Put simply, it’s hard to imagine that Renasant Bank’s decision to build a new office building – they call it headquarters because that’s another favorite EDGE talking point – is based on Memphis’s potential as a growth market for the bank. It’s hard to blame the bank for asking for incentives that are given so freely and excessively here.

However, the bank wants the new building because it’s in its business interest. The PILOT is merely lagniappe, albeit $1.7 million worth of lagniappe

Selling Memphis At A Discount

If this isn’t enough, consider the fact that the office building – which will involve the demolition of two Loeb Properties buildings – is located at Yates and Poplar, a prime East Memphis location which also just happens to be within the Tax Increment Finance (TIF) district that has already been given $42 million in incentives.

Also, it’s a reminder that EDGE’s focus isn’t true economic development. It is in truth real estate development. The approval of this PILOT request by the Tupelo-headquartered bank makes it clear.

Memphis and Shelby County’s economy may have bounced back to its pre-Recession level but approval of this PILOT means that our self-confidence continues to languish. As long as we are willing to sell our community at a discount, we send the message that on its own, Memphis and Shelby County don’t deserve business investments – unless we pay them to love us.

In other words, at the precise time that we are spending millions of dollars on a new city branding program, we undercut it every year when public agencies allow companies not to pay $80 million in city and county taxes.

We’re not saying that the entire $80 million is a waste. We’re simply saying that we are overreliant on giving away taxes rather than executing the ambitious agenda that would create the core ingredients that are the keys to economic success.

After all, if the amount of PILOTs could be reduced by one-third, it would free up $27 million a year – or about the same amount being sought by MATA to elevate its services.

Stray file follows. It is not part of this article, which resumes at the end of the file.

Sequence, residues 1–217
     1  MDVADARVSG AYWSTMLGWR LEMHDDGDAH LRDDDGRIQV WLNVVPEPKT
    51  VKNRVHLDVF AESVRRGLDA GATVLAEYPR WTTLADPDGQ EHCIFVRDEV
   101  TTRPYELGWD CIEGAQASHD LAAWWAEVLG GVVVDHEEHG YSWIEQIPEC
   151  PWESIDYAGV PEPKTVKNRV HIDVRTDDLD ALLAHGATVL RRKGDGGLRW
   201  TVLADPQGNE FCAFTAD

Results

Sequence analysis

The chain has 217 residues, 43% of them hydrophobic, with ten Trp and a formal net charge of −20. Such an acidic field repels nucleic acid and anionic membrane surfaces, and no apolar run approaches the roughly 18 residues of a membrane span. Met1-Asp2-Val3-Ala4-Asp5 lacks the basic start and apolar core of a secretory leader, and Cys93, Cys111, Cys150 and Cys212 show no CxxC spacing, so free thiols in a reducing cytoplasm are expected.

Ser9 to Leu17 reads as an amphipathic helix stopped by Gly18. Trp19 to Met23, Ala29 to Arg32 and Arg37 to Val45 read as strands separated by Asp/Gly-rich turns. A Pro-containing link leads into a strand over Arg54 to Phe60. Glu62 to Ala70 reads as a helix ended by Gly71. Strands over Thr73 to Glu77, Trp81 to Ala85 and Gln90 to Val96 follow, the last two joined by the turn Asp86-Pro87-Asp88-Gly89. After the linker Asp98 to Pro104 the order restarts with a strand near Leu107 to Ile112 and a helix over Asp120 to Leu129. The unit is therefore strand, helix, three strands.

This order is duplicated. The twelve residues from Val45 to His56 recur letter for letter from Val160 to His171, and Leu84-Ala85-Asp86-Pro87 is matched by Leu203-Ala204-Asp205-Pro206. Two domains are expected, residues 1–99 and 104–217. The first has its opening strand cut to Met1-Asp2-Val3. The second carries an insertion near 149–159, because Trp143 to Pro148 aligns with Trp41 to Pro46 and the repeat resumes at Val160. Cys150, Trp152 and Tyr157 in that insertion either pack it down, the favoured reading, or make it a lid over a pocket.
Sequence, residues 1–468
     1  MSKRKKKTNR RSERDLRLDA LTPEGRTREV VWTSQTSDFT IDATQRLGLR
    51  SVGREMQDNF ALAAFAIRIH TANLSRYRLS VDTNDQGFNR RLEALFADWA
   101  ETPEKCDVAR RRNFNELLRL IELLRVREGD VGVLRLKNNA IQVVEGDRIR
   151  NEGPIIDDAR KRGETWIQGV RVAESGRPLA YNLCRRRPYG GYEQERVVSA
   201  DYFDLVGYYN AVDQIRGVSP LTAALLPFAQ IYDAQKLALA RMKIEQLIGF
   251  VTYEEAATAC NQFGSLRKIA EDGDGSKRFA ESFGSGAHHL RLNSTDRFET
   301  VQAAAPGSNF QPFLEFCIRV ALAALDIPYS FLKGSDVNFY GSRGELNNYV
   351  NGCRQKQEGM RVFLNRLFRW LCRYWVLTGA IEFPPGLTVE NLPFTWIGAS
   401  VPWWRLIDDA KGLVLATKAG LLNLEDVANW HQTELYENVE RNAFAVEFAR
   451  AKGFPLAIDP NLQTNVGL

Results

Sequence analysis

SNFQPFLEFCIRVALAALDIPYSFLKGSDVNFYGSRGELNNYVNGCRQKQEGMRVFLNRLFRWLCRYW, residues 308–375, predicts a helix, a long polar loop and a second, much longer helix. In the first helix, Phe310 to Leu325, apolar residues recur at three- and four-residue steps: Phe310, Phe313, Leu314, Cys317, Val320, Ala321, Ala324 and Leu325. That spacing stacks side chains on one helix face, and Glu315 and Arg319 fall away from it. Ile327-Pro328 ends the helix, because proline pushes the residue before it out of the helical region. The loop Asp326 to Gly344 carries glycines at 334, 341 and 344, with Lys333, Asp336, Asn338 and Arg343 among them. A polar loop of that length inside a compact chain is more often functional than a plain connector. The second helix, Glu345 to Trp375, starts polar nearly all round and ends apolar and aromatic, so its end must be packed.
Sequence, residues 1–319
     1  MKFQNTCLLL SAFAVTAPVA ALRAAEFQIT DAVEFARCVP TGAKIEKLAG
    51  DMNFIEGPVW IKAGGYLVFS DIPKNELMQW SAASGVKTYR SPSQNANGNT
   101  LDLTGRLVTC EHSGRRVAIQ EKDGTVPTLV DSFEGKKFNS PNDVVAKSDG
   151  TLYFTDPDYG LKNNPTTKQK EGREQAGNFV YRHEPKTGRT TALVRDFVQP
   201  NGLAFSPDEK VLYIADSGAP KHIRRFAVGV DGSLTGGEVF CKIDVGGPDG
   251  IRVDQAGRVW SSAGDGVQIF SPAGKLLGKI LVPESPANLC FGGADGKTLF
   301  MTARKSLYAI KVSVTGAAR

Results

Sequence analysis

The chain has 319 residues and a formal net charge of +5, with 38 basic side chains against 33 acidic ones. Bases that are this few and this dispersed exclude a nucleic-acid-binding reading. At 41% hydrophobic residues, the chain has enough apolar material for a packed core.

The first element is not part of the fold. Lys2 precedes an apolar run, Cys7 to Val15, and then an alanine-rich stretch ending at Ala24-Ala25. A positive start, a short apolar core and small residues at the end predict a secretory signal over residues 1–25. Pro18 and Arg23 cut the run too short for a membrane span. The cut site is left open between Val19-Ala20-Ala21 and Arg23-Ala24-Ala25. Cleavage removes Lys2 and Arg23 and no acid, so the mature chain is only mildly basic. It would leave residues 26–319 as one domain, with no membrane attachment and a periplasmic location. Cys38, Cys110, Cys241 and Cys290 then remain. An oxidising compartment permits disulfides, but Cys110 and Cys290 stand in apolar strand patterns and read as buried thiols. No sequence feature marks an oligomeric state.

Old School

It often feels that too many of our economic development thinking is built on “old economy” beliefs rather than the realities of the “new economy.”  The old economy is about being a place where it is cheapest to do business, but the new economy is about being a place rich in ideas with talent as the driver.

In the old economy, attracting companies was the priority, but in the new economy, it’s about attracting educated people.  In the old economy, high-quality amenities were considered extra costs that we could do without, but in the new economy, physical and cultural amenities are keys to attracting knowledge workers and young adults.

In the old economy, regions won if they possessed a fixed competitive advantage, but in the new, regions succeed if organizations and individuals have the ability to learn and adapt.  In the old economy, minority workers were sources for low-wage jobs, but in the new economy, African American entrepreneurs and businesses are the paths to prosperity.

In other words, we are often having an outdated conversation when it comes to economic development, even as the poverty rate remains roughly the same and 40,000 Shelby County Schools students live in families earning less than $10,000.

If EDGE and other agencies are to treat PILOTs as actual incentives, they must at least set performance standards that measure success by an increase in income, decreases in poverty, and an increase in higher-wage jobs. If we are treating tax freezes as public incentives, they should in fact produce public benefits.